Cash Flow Monitoring for Long-Term Solvency

Business

Why SBOs should consider implementing cash flow monitoring as a long-term solvency solution

Beyond ensuring monthly liquidity for operations, why should SBOs consider implementing cash flow monitoring as a long-term solvency solution? Knowing how your district’s monthly revenue and expenditures are trending supports healthy cash reserve planning and timely monitoring of your financial forecast.
Strong fiscal management is grounded in being able to effectively track variances between monthly estimates of revenue and expenses compared to actual results.

Cash flow balances

Figure 1 is an example of a district’s monthly cash flow balance resulting from its monthly income and expense activity. These data help school business officials answer these questions every month:

  • How does this year’s monthly cash flow compare to last year?
  • How does this year’s annual cash flow total compare to the forecast?
  • Is there any indication that this year’s forecast (and possibly subsequent years) may change?
  • Are there months when the cash balance is stressed?

 
Figure 1


 
The bars in Figure 1 represent the “ebb and flow” of the district’s monthly cash balance. Peak cash balance months develop as districts receive real estate revenue advances in August and April. Low cash balance months occur as the real estate advances are used by monthly expenses that exceed revenue.

Even though this district’s ending cash balance is positive at the beginning and end of the fiscal year, a negative cash balance is projected for March. The school business office must project how much the district will spend and receive in revenue monthly to know when and how much cash flow borrowing is required to meet the daily operational needs of the district.

While this example provides insight for a district anticipating cash balance issues within the fiscal year, school districts can run into situations where year-to-date monthly trends provide a financial scenario that is different from what the district’s annual budget was estimated to be.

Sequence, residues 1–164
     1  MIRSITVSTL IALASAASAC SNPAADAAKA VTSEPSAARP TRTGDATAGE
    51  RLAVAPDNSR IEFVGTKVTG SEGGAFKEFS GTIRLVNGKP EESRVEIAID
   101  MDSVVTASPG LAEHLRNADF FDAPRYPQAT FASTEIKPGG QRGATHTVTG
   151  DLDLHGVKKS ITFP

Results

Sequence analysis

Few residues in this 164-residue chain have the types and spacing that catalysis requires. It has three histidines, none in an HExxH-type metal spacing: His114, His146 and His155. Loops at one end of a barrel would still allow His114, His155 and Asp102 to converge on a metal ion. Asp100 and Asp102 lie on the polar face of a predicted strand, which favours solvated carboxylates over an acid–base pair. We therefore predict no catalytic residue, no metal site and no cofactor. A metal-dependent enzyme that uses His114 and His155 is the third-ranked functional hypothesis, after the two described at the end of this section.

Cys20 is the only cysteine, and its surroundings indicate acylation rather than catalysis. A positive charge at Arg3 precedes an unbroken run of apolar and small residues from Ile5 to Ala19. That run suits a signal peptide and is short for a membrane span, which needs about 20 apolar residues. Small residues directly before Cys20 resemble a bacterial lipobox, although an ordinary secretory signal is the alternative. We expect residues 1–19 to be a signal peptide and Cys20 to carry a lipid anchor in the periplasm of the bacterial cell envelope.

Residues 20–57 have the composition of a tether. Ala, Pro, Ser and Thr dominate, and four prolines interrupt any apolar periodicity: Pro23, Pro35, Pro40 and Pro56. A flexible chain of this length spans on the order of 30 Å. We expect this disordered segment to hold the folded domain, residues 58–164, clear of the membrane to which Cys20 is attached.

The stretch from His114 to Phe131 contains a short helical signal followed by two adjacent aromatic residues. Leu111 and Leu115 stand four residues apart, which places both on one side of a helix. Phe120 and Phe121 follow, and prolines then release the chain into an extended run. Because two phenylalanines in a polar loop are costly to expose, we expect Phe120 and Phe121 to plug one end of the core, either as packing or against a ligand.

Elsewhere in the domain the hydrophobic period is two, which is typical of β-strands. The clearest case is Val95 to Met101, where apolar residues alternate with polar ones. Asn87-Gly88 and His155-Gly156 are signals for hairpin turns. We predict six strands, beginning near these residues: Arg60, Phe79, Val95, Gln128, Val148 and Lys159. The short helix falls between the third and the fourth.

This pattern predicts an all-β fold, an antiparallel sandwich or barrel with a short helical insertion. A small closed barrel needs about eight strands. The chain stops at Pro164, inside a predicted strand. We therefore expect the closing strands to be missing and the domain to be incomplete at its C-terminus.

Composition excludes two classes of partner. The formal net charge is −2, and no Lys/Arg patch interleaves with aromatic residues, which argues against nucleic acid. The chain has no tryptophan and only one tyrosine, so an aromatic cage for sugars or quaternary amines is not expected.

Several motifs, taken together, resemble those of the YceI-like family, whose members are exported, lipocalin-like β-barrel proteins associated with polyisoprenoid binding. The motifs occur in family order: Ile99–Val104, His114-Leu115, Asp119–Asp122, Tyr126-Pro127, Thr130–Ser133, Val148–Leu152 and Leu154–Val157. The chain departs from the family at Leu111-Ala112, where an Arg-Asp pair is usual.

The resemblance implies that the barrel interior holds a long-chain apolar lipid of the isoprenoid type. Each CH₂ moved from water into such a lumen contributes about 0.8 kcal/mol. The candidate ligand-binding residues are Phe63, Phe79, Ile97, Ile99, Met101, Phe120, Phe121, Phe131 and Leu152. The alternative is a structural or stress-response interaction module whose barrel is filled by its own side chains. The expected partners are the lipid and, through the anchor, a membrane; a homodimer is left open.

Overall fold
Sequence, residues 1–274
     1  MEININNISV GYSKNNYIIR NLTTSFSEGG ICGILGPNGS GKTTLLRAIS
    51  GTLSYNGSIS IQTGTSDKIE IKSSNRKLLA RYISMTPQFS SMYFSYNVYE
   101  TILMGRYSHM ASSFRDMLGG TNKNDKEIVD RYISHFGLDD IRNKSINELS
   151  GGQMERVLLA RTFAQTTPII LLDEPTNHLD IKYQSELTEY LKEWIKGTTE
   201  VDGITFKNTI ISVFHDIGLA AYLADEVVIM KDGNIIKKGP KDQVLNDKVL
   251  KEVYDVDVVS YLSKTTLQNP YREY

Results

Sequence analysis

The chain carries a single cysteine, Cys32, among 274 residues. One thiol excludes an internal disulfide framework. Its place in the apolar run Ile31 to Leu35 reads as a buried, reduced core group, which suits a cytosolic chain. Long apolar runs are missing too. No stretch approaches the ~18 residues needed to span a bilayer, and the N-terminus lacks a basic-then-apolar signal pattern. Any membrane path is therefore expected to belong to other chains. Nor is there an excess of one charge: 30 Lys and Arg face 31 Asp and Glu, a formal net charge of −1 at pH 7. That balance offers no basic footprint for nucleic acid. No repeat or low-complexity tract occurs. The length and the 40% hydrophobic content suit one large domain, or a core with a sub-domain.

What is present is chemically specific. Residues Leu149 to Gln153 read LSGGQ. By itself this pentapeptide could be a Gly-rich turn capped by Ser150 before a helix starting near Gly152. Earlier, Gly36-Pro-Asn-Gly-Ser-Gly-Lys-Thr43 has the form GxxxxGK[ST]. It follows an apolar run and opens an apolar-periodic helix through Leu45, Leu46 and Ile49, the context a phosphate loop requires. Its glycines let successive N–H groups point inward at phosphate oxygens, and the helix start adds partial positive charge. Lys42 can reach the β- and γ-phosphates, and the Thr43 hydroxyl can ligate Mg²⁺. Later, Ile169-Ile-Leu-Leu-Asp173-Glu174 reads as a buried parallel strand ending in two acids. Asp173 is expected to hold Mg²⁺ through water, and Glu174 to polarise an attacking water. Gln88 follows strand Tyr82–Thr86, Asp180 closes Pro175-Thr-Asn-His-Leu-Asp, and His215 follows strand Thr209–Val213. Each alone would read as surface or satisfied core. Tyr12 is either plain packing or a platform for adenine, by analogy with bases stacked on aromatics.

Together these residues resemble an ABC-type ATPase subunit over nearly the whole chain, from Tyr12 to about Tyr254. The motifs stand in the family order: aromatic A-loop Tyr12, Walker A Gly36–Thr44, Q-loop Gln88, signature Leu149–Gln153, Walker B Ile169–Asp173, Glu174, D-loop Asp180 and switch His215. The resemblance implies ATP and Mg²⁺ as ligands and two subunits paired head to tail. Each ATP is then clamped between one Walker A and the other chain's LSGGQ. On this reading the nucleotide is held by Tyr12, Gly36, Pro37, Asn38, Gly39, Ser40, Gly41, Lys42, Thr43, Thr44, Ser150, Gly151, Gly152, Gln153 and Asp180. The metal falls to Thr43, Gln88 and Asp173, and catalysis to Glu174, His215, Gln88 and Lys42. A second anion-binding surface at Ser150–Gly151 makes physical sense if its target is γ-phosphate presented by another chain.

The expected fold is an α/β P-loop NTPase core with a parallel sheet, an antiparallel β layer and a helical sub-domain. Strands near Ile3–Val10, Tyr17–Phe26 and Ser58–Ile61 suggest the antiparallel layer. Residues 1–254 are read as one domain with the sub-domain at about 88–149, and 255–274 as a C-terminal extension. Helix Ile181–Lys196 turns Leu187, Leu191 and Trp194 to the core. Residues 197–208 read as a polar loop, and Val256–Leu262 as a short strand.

Budgets typically are set before the fiscal year commences; however, as the school year progresses, actual results can change what the year-end totals will look like. Cash flow forecasting provides an additional analysis of how the district is performing in relation to the budget and helps determine if any changes to the budget are necessary.

 

Year-to-Date Analysis

Table 1

Table 1 shows that the district’s revenue is trending lower for the current fiscal year when compared to the amount received during the same period for the previous fiscal year. If this variance was not expected, the CFO must determine whether it is due to timing or an unanticipated decrease in revenue. The answer to these questions could change the district’s inter-year cash flow projections and can help them construct cash flow estimates for the remaining months.
 

Monthly Projections to Complete the Analysis

Cash flow forecasting of monthly projections for the remaining months of the fiscal year helps construct an annual total from actual/estimated monthly data to compare to annual forecast/projection.

One method to establish projections for the remaining months is to compare your current year’s projections to the previous year’s actual amounts. Some revenue and expenses follow trends or patterns from year to year.

SBOs can use this pattern method when the revenue/ expense line item they are reviewing is cyclical—for example, real estate tax collections that occur every August and March, large contract amounts that are due the during the same period every year, etc. Once monthly actual data is available, the SBO can hone projection levels for the remaining months.

This recent-month method is most often used with regard to salary and benefits. After a district finalizes its contract terms and hiring needs for the year, month-over-month expense levels typically will be consistent.